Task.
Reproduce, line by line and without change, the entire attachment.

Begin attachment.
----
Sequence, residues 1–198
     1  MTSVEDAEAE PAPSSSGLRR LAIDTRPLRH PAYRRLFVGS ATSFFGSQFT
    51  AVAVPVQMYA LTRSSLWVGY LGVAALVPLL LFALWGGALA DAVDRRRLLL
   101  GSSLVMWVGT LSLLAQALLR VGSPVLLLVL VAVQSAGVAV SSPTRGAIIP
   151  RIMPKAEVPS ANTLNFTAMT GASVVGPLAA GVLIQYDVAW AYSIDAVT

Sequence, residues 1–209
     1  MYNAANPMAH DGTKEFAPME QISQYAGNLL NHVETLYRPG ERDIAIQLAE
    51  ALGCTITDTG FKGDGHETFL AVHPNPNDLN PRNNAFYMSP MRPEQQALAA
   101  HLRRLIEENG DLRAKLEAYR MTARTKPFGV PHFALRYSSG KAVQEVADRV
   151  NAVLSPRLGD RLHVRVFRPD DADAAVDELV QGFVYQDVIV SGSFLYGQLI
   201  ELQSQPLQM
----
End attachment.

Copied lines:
Sequence, residues 1–198
     1  MTSVEDAEAE PAPSSSGLRR LAIDTRPLRH PAYRRLFVGS ATSFFGSQFT
    51  AVAVPVQMYA LTRSSLWVGY LGVAALVPLL LFALWGGALA DAVDRRRLLL
   101  GSSLVMWVGT LSLLAQALLR VGSPVLLLVL VAVQSAGVAV SSPTRGAIIP
   151  RIMPKAEVPS ANTLNFTAMT GASVVGPLAA GVLIQYDVAW AYSIDAVT

Sequence, residues 1–209
     1  MYNAANPMAH DGTKEFAPME QISQYAGNLL NHVETLYRPG ERDIAIQLAE
    51  ALGCTITDTG FKGDGHETFL AVHPNPNDLN PRNNAFYMSP MRPEQQALAA
   101  HLRRLIEENG DLRAKLEAYR MTARTKPFGV PHFALRYSSG KAVQEVADRV
   151  NAVLSPRLGD RLHVRVFRPD DADAAVDELV QGFVYQDVIV SGSFLYGQLI
   201  ELQSQPLQM